People born in the Year of the Snake are typically introverted and not big talkers, says Sam Wong, patron of the ACT Chinese Australian Association.
But Sunday's Chinese New Year celebration in Civic was an all singing, all dancing affair.
Hundreds of Canberrans turned out to watch singers, dancers and kung fu grand masters see in the Year of the Snake on the final day of the National Multicultural Festival.
Performers young and old dressed colourfully for the day-long celebration and showcase of Canberra's talent, which ranged from school-aged choirs to kung fu masters shattering slabs of concrete while lying atop a bed of nails.
''The only thing we haven't got is the parade of lions and dragons, but that will happen next weekend,'' Mr Wong said.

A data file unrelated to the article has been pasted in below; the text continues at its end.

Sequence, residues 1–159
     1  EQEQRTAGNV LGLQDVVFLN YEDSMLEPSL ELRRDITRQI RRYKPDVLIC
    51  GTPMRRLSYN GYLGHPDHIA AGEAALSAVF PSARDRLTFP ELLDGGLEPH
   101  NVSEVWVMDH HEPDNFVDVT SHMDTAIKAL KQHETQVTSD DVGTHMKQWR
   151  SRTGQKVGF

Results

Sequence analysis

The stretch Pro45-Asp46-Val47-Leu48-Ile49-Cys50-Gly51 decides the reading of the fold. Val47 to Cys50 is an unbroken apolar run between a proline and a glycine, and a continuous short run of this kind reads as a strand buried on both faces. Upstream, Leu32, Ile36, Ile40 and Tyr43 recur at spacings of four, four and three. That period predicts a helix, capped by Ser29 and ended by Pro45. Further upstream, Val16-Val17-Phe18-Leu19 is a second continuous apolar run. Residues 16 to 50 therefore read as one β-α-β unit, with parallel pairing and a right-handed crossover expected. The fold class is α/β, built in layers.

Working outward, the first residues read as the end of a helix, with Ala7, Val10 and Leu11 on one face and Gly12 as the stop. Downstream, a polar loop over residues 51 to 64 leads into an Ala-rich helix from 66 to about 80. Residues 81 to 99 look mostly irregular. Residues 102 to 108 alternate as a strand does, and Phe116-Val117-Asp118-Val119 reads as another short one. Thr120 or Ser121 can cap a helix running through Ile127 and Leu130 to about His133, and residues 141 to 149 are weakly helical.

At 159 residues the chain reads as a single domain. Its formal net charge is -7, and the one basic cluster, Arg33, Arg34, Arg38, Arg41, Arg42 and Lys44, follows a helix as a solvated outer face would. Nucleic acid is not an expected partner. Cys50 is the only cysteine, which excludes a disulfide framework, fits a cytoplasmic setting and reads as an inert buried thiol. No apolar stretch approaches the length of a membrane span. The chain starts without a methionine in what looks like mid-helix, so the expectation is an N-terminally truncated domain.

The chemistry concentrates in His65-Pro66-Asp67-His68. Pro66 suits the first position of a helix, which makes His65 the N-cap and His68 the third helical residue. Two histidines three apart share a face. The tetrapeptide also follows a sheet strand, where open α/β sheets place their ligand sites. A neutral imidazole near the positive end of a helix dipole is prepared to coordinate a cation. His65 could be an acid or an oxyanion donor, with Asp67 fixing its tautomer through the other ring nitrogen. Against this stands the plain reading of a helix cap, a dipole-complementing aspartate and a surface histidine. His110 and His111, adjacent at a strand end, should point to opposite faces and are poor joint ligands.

''People born in the Year of the Snake are usually very intelligent, introverted … They may not talk very much but they are good team players and are very loyal.
''The snake in general is very resilient and swift, so recovery and rebuilding are positive things about those years.''
Mr Wong, who is chairman of the Canberra Multicultural Community Forum, said the three-day multicultural festival had been ''wonderful''.
''We think the number of people at this year's festival is at least equal or better than last year, which was 260,000,'' he said.
Dunlop resident Megan Lewis, who watched her children perform in the New Year celebrations, said she was impressed by the festival.
''We love it,'' she said.
''It's well organised this year.
''It's well spread out and not so crowded.''
Fourteen-year-old Katie Kozjak, of Dunlop, danced in yesterday's showcase.
''This is our third year dancing and it's a great time being here each year,'' she said.
Braddon resident Megan Mayne was enjoying a Moroccan mezze plate at the festival on Sunday afternoon and said the variety of cuisine was a standout.
''It's really good - lots of food, lots of variety,'' she said.
''The food is definitely my favourite thing.''